"I thought you'd already be seated," Samara said as they hugged hello.

"I thought I'd better warn you first."

Samara stared at her. "Warn me about what?" Samara couldn't keep her body from stiffening.

"The person in the seat next to us."

Samara waited for her to go on. Finally, she asked. "Who is it?"

"Justin Beckett."

The name was like a whiplash cutting through her stomach. "Beckett?" Her voice rose a couple of notes. Then, realizing people were turning to stare at her, she spoke in a whisper. "What's he doing here?"

"I don't know."

"Can't we find different seats?"

Carmen spread her hands. "The place is packed. And these seats are assigned."

Samara knew that. Carmen loved antiques and since Samara worked with old documents, she was the one Carmen tapped to accompany her whenever there was a show she wanted to attend. Samara wanted to turn around and leave, but she knew Carmen lived for these types of shows and Samara wasn't about to let Justin Beckett drive her away.

"Let's go in," she said.

Carmen smiled with relief. "Atta girl."

Samara led. She knew that Carmen would try to take the seat next to Justin to save her the tension she felt whenever she and Justin were in the same room. She recognized the back of Justin's head and identified the two empty seats next to him. The surprise on his face when he saw her was evident. He stood up as she approached, surprise turning into a large smile. She did not return it.

"Samara," he greeted her. "I didn't expect to see you here."

"Justin," she said, managing to convey both greeting and dismissal in her tone. Taking her seat, she proceeded to ignore him.

"I would have sat there," Carmen whispered.

"I will not be intimidated by him," Samara whispered back.

The auction began immediately, which included several estate sales and Carmen was excited about them. The auctioneer announced the first item, a set of antique glassware. With enthusiasm, the roomful of people jumped right into the action as if this was the prize of the show.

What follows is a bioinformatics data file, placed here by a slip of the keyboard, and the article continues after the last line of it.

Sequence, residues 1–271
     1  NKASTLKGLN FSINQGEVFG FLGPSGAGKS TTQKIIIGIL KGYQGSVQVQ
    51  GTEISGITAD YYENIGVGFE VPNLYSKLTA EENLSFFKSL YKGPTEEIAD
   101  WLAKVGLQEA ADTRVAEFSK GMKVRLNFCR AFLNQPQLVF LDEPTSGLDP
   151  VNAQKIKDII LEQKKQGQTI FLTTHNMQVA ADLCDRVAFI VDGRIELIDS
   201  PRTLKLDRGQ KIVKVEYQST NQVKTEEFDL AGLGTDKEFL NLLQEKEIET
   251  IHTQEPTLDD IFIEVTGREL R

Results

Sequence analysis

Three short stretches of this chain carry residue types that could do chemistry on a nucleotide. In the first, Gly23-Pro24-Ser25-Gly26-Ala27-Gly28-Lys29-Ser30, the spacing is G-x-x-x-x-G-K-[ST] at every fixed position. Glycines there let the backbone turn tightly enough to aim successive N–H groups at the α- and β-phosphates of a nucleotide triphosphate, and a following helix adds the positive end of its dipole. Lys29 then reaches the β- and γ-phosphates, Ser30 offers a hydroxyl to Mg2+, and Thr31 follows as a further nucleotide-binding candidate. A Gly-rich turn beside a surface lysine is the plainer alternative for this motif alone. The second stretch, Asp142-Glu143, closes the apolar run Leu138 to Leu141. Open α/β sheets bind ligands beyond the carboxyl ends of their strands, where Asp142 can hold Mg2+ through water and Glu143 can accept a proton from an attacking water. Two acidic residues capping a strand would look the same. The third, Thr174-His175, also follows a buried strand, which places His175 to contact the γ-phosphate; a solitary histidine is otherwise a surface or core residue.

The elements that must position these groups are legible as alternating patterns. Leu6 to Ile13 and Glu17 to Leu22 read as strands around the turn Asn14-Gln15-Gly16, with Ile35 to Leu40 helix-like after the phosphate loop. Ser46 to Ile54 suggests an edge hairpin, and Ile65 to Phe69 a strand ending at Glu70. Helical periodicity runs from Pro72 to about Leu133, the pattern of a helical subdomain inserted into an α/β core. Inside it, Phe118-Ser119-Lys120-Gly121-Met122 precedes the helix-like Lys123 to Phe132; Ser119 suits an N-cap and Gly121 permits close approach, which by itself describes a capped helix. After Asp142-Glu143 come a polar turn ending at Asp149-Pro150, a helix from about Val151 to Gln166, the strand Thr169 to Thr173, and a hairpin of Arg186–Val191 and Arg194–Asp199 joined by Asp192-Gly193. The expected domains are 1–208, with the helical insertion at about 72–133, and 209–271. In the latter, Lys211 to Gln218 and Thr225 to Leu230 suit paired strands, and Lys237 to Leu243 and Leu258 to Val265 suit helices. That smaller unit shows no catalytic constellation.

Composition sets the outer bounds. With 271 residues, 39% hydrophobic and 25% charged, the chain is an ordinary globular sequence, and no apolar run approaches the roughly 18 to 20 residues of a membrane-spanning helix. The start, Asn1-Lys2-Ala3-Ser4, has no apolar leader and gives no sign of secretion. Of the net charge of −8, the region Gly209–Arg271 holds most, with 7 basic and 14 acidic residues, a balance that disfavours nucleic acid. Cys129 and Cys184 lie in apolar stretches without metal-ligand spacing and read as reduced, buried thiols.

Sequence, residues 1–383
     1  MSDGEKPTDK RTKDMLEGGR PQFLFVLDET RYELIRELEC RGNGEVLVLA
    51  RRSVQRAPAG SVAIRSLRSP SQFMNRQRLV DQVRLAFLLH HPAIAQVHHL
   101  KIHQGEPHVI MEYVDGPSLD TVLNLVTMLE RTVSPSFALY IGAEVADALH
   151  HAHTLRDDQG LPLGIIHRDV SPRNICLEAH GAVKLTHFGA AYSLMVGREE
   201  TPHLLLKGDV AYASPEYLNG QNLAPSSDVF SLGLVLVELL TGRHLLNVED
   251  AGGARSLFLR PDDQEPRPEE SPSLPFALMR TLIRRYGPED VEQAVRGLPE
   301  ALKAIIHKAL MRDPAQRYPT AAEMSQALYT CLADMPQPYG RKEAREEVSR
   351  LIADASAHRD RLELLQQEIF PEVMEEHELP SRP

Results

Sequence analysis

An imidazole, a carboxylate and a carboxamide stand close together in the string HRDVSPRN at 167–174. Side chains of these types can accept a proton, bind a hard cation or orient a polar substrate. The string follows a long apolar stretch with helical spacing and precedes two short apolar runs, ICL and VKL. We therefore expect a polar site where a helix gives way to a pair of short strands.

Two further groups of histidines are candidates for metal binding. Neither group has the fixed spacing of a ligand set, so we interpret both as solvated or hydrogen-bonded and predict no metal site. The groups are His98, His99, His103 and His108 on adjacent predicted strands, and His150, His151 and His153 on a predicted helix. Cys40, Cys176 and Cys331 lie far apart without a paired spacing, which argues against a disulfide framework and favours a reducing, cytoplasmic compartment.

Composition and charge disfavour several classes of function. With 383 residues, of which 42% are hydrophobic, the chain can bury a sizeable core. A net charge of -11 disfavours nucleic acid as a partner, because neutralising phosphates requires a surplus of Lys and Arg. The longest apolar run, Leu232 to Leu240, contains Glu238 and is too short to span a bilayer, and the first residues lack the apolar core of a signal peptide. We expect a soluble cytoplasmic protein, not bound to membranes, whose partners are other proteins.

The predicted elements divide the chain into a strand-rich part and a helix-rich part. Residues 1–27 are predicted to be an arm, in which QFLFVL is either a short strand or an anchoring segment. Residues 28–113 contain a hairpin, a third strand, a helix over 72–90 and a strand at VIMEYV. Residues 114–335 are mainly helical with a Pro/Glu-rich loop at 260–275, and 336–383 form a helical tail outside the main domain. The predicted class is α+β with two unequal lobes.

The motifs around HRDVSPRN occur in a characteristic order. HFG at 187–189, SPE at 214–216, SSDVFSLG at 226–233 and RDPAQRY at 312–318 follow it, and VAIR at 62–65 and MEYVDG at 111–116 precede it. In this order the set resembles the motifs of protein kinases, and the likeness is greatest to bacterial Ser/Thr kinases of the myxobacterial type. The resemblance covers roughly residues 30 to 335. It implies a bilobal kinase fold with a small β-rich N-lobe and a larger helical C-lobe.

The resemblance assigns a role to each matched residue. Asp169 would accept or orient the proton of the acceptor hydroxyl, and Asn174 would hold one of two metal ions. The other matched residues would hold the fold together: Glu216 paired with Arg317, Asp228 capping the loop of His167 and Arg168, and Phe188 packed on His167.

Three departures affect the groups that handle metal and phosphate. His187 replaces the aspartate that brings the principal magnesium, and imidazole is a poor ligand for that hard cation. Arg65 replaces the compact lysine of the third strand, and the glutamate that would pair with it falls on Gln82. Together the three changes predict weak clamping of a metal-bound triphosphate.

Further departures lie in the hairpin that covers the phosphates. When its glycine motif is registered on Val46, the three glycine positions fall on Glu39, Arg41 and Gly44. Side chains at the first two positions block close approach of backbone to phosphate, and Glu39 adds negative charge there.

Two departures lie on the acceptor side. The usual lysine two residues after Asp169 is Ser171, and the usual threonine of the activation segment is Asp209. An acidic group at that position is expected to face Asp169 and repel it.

As each item was brought in, introduced and bought, Carmen wasn't very active in her participation, although Samara could feel the excitement in her friend whenever something came up she liked.

"Is there something in particular you want?" Samara whispered.

Carmen pointed to an item in the catalog. It was a desk.

"You're only here for one item?"

"One I really want, but I like to see the other stuff and I'll bid if something strikes me as interesting."

Samara had been to several of these auctions. She watched with interest as item by item was sold to the highest bidder. She noticed the bright look of happiness on the winners' faces each time the gavel dropped and the award was made to someone.

Then a trunk was brought to the stage. "This is a mystery item," the auctioneer said. "The trunk was found in…"

Samara leaned toward Carmen. "I want that," she whispered.

"Why? It could have nothing in it."

"I know, but it could have old letters, documents, books, anything."

"All right," Carmen said.

Samara worked with old documents, but she wasn't a person living in an apartment full of antiques. A document could make her excited enough to wonder about the person who wrote it, the reason behind it, even research the history of it, but sitting at a hundred-year-old desk did nothing more for her than sitting at a desk made the day before.

Carmen acknowledged the first bid. There were few challenges and on the third bid, the trunk was hers.

"Congratulations," Justin said next to her.

Samara turned to nod at him. Then her attention went back to the auction. When the desk came up, the bidding was lively but mainly between Carmen and the man sitting next to Justin. After a moment, the man nodded at Carmen indicating his concession. The desk was hers. She smiled broadly.

Justin hadn't bid. He wasn't even looking at the items or the auctioneer. Samara noticed that each time she glanced in his direction, Justin was staring at her.

Leaning toward him after enduring his scrutiny for twenty minutes, she whispered, "Justin, you can look somewhere else. I am not one of the pieces."